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How to Use the Rules Command With VIO Servers

IBM Champion Jaqui Lynch explains the rules command for VIO servers

I do a lot of customizations on my VIO servers, and I was asked recently how the rules command could be used to deploy some of those changes so they can be consistently applied to all VIO servers. The rules command is primarily used to tune and modify device settings on the VIO server and there is a predefined set of rules for device configuration for VIO server best practices. I don’t tend to use rules, as the MPIO drivers tend to install the correct settings for the devices; however, in this article I will cover how to use rules if you want to do so.

Rules Command Checks

The rules command has been around since version 2.2.4 and is used to set up rules for your VIO server. It can be used to capture, deploy, change, compare and view VIO server rules. When making changes you should always compare the rules command recommendations with those recommended by your disk vendor.
 
Rules management consists of two rules files in XML format. There is a default rules file and a current rules file. The default rules file is provided by IBM and contains the critical suggested device rules for VIO server best practice. It has read-only permissions. The current rules file has the current system settings based on default rules and can be used to customize device settings. It is modified using the rules command.
 
The default rules file should NEVER be modified but the current rules file is at /home/padmin/rules/vios_current_rules.xml.
 
Depending on your VIO server level this file contains around 575 lines. It should only be changed using the modify or add command (avoid delete so you don’t break things) or you can create a new .xml file with just your changes and then deploy it.
 
To get help, you type in:
rules -h
The basic syntax for the rules command is:
rules -o operation [-l deviceName | -t class/subclass/type ] [-a attribute=value][-f rulesFile]
“operation” is one of capture, deploy, import, list, diff, add, modify or delete.
 
For all the commands, if you use no flag then it shows the current rules, -d shows default rules and -s shows system rules.
 
To list the current rules in place:
rules -o list
To list the default rules:
rules -o list -d
To list the system rules:
rules -o list -s
On my VIO at 3.1.4.21 the number of rules for current, default and system are the same.
$ rules -o list | wc -l
     150
$ rules -o list -d | wc -l
     150
$ rules -o list -s | wc -l
     150
On my VIO at 4.1.0.10 where I have never customized rules there are two rules files - tmp_rules_deploy.xml and vios_current_rules.xml. The tmp one has 477 lines and the current one has 601 lines.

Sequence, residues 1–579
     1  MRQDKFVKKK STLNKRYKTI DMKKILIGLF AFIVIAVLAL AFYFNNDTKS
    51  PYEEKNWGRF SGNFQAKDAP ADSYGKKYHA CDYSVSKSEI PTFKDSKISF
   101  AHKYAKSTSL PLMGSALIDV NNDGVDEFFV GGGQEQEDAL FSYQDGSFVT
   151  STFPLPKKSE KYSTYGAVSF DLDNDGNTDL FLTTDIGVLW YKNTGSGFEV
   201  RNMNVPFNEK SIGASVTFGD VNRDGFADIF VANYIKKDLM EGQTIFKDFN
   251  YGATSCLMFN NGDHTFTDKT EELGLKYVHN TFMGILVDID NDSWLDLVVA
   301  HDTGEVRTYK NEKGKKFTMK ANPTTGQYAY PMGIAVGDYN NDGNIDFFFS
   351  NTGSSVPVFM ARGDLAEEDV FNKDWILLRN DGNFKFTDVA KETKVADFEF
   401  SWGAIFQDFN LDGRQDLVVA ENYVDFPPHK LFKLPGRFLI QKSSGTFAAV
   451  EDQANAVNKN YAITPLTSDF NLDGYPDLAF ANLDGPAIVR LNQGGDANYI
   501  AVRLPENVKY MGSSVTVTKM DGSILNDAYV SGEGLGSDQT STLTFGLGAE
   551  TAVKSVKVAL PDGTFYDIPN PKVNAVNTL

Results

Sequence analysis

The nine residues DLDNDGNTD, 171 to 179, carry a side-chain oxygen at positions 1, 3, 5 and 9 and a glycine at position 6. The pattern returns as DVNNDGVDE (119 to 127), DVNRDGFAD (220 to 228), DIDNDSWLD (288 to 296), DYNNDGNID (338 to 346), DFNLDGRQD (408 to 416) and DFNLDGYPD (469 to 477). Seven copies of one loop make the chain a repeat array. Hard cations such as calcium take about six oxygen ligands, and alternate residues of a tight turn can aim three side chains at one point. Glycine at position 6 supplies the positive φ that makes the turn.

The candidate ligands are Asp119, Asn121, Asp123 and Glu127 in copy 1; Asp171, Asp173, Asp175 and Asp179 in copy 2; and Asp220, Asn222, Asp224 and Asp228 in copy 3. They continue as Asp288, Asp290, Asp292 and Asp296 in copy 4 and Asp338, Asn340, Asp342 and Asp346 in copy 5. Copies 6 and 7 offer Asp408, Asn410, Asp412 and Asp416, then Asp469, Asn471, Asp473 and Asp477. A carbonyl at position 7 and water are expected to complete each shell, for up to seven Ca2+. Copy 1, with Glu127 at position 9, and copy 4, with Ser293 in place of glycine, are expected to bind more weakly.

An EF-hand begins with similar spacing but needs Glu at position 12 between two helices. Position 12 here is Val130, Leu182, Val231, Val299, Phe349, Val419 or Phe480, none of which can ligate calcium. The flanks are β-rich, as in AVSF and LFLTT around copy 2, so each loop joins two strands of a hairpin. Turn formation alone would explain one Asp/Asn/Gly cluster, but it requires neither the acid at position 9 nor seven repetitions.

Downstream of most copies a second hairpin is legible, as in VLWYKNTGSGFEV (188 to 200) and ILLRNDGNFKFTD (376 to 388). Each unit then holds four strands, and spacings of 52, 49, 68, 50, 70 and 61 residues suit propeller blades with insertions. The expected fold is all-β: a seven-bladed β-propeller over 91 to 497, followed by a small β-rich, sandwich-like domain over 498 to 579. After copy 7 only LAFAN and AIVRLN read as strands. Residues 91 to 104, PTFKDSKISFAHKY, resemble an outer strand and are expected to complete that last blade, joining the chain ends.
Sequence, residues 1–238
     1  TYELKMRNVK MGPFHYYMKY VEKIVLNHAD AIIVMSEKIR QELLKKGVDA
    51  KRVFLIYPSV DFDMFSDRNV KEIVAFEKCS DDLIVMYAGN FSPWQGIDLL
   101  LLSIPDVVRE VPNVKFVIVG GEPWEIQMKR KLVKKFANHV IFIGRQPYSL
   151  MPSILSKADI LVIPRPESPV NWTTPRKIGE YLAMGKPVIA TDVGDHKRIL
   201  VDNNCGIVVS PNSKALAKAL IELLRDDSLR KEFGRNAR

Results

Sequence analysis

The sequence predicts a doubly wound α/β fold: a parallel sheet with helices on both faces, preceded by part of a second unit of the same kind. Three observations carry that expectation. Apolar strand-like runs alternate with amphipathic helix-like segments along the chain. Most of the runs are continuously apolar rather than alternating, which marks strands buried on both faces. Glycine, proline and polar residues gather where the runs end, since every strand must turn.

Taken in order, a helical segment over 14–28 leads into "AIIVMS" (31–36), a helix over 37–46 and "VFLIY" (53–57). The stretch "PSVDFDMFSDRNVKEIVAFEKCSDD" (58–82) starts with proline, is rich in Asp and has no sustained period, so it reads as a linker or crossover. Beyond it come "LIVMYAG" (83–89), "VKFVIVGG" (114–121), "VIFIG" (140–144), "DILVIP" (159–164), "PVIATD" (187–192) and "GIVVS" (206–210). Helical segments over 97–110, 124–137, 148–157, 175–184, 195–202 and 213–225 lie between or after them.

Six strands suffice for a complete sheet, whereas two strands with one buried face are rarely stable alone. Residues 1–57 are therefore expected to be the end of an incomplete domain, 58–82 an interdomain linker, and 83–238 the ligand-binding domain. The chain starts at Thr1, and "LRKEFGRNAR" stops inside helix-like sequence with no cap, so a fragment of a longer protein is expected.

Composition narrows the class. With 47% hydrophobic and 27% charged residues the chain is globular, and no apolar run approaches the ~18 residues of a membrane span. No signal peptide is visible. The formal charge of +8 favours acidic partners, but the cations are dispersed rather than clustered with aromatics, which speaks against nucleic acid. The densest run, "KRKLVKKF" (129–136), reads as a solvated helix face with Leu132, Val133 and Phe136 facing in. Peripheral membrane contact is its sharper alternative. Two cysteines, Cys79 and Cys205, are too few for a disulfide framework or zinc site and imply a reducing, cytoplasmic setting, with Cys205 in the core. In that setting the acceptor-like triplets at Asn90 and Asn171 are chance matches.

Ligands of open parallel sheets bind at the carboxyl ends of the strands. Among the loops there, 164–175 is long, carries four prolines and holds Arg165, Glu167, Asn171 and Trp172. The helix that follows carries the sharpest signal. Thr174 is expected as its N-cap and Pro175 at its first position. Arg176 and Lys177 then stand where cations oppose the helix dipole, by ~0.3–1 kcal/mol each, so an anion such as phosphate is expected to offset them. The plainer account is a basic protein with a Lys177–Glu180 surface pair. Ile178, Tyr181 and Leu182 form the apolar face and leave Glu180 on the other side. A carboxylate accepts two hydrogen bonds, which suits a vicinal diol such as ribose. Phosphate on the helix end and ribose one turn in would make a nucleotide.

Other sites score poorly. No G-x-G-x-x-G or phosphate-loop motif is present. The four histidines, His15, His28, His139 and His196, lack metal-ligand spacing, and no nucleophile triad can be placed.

There is also a difference between the number of default rules compares to the current and system rules.
# rules -o list | wc -l
     158
# rules -o list -s | wc -l
     158
# rules -o list -d | wc -l
     123
In order to check specific settings, you need to know which adapters, etc. you are looking for. As an example, I wanted to check the settings in rules for my fiber adapters, so I started with lsmcode.
$ ioslevel
4.1.0.10
 
# lsmcode -A | grep fcs
fcs0!df1000e314101506.00014000000057400007
fcs1!df1000e314101506.00014000000057400007
I then checked fcs0 settings:
# lsattr -El fcs0
io_dma                      512        IO_DMA                                           
max_xfer_size          0x400000   Maximum Transfer Size                         
num_cmd_elems     2048       Maximum number of COMMANDS to queue to the adapter
num_io_queues       8          Desired number of IO queues                     
num_nvme_queues 8          Desired number of NVMe queues               
Now I can check the rules settings for those fiber adapters. For some reason you have to drop the last two digits off the adapter type shown in lsmcode. Instead of using grep for df1000e314101506, I had to use grep for df1000e3141015. I had set these adapters using chdev rather than the rules command. So num_cmd_elems in the actual adapter is showing as 1024 which is what it is currently set to, but as you can see below, the system settings look different from what we are actually using: 
rules -o list  | grep df1000e3141015
adapter/pciex/df1000e31410150  max_xfer_size                     0x100000
adapter/pciex/df1000e31410150  num_cmd_elems                 1024
adapter/pciex/df1000e31410150  num_io_queues                   8
adapter/pciex/df1000e31410150  num_nvme_queues            8
adapter/pciex/df1000e31410150  io_dma                                 512
 
rules -o list -s | grep df1000e3141015
adapter/pciex/df1000e31410150  max_xfer_size                     0x400000
adapter/pciex/df1000e31410150  num_cmd_elems                 6144
adapter/pciex/df1000e31410150  num_io_queues                   8
adapter/pciex/df1000e31410150  num_nvme_queues            8
adapter/pciex/df1000e31410150  io_dma                                 512
 
rules -o list -d | grep df1000e3141015
adapter/pciex/df1000e31410150  max_xfer_size                     0x100000
adapter/pciex/df1000e31410150  num_cmd_elems                 1024
adapter/pciex/df1000e31410150  num_io_queues                   8